A net divider separating the passenger footwell from the pedal area is a neat safety touch, and makes for a convenient place to sling your bags if you don’t have company. It also feels surprisingly airy given the huge glass area. The Ami’s body is getting on for 50% glass, not least thanks to the glass roof panel that’s standard fit.
A proper passenger seat is present and correct, and there’s even a shelf for luggage behind those seats, not to mention windows and doors - unlike the Renault Twizy that is the closest rival to the Citroen Ami. The split window even opens manually via a top hinge, just like the 2CV used to do, which is a rather cute and fun detail for anyone who likes a nostalgic detail. The single windscreen wiper, too, is a nostalgic touch that anyone who’s actually spent time in cars with a single flimsy wiper such as that on the Ami will know is a truly miserable feature no matter how rose-tinted your glasses might be.
It all feels very plastic and cheap, but that is the whole idea, and once you’ve come to terms with that it’s easy to be impressed by how much usable space there is in the dinky Ami.
You’re not going to want to spend much time in there anyway...
And what’s it like to drive? Noisy. Really noisy.
Even if you haven’t got the heater on, which sounds and feels like a hair drier pointed directly at your face. The windows rattle, the 8bhp electric motor whines as it drives the tiny 155-section front wheels, it’s all just hilarious. It would be very easy to feel that it’s hilariously terrible, but even as the Ami bumps and whirrs over the Coventry roads of our test route, the way in which it could feature as an urban specialist is quite clear.
It is absolutely tiny, for a start. At 1.4 metres wide and 2.4 metres long, it’s some 1.2 metres shorter than a VW Up! Between that size, the light (if rather disconnected feeling) steering, and a comically tight turning circle of 7.2 metres, the Ami sneaks through muddled town roads and into unlikely parking spaces like some kind of urban ninja.
Acceleration is not bad at all off the line – you will likely even beat a few other cars away from the red light if they’re a bit busy gawking at the cuboid oddity sharing the road with them - but it begins to feel wheezy by the time you stretch towards the 28mph top speed. Look on the bright side, that does mean that you can legitimately tell your mates that you hit V-Max on your way to work.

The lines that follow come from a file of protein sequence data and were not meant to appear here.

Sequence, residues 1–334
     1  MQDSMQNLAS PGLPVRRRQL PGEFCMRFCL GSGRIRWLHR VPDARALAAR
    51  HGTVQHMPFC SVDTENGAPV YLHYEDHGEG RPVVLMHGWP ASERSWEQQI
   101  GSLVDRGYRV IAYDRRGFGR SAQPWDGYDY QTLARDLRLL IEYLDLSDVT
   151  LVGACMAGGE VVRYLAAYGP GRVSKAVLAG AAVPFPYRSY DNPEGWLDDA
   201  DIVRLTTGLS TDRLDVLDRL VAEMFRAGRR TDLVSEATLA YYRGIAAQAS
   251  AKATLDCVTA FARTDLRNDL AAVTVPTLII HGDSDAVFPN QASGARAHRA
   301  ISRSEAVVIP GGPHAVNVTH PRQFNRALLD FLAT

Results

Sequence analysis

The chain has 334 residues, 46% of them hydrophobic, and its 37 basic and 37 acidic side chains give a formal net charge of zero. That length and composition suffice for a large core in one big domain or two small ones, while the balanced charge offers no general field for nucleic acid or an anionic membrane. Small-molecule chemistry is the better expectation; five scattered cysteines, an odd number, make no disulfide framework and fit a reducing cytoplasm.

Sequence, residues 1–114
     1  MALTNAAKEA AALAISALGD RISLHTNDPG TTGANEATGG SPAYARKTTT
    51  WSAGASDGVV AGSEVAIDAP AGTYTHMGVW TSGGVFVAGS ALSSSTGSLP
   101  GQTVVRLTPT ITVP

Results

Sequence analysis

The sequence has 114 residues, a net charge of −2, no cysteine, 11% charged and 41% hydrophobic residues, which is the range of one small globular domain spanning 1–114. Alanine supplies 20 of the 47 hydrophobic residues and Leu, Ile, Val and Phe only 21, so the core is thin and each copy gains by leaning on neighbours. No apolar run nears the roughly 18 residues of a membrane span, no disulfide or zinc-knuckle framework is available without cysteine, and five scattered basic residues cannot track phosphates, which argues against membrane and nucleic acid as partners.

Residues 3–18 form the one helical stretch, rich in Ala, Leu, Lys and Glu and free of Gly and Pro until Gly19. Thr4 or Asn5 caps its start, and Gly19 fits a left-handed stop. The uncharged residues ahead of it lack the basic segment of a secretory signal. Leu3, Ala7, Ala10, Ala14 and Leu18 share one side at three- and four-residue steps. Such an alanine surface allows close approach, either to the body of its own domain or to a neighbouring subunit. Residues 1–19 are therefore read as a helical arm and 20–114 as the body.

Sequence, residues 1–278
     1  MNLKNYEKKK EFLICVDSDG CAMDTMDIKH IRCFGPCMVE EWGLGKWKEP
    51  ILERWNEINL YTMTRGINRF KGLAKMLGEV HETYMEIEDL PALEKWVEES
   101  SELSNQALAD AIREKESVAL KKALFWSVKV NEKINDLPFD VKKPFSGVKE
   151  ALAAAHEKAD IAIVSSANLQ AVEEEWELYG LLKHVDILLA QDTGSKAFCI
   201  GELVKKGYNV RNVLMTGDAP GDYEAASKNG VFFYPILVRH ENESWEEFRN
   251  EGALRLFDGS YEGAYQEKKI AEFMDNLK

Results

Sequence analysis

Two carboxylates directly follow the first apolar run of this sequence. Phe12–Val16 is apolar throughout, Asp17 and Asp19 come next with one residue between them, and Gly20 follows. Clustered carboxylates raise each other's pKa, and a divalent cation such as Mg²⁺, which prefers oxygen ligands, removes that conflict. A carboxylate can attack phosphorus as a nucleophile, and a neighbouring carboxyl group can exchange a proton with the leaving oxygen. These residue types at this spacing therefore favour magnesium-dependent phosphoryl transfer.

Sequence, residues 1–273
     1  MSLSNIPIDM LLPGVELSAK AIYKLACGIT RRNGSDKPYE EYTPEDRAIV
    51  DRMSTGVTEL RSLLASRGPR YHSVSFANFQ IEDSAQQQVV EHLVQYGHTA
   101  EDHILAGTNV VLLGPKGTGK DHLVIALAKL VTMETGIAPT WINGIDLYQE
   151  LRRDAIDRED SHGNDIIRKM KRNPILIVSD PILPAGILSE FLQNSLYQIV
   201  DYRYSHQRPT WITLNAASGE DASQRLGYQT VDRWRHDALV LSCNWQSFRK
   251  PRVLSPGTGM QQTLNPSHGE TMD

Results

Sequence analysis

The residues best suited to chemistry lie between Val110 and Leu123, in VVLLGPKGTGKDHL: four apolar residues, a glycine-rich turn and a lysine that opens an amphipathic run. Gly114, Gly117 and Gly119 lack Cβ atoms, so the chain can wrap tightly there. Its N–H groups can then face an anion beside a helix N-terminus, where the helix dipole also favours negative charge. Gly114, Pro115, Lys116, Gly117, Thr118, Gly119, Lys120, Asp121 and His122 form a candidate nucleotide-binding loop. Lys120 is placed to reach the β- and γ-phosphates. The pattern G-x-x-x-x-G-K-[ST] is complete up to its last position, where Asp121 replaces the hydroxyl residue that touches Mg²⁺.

Ride comfort is a bit lively and uncouth; the little Ami is quite firmly sprung, and also dinky enough that a sharp-edged pothole under one wheel will have the whole frame shivering, but it is also unphased by bigger intrusions such as speed bumps and comfortable enough for the basic transport it aims to be.
The whole thing is no-nonsense and impressively well thought out. Basic as it is, there’s been real consideration given to the practicalities here; the layout, the style, the durability of it all has not been taken for granted.
Who will use it, and how?
In truth, the difficulty is in changing the mindset to think of this not as something that you might want to buy, but as something you might just want to use occasionally.
And it’s easy to see how a city with a host of Amis dotted about – available to use for a few quid whenever you need them – could be a winner. Should city centres become available exclusively to electric vehicles, the prospect of a system allowing you to park your car up on the outskirts and hop into an Ami for the last few miles is also something to consider.
All of this is no more than unsubstantiated musings on how the Ami might best serve – after all, it’s not even confirmed for sale in the UK yet. Citroen is currently gauging interest to see if there might be enough demand, so watch this space.
In short, there’s no doubting the brazen shortfalls of any quadricycle; even one as well thought out and executed as the Citroen. But given how modern cities are shaping up in terms of transport, having a pod of Amis available for the dash to the outskirts of town, or to avoid the crush on the tube…
Well, the man from Citroen was quite right. It is most definitely not a car. But if Citroen can make it available enough and cheap enough – especially on an urban car sharing platform - it could be a really good transport solution.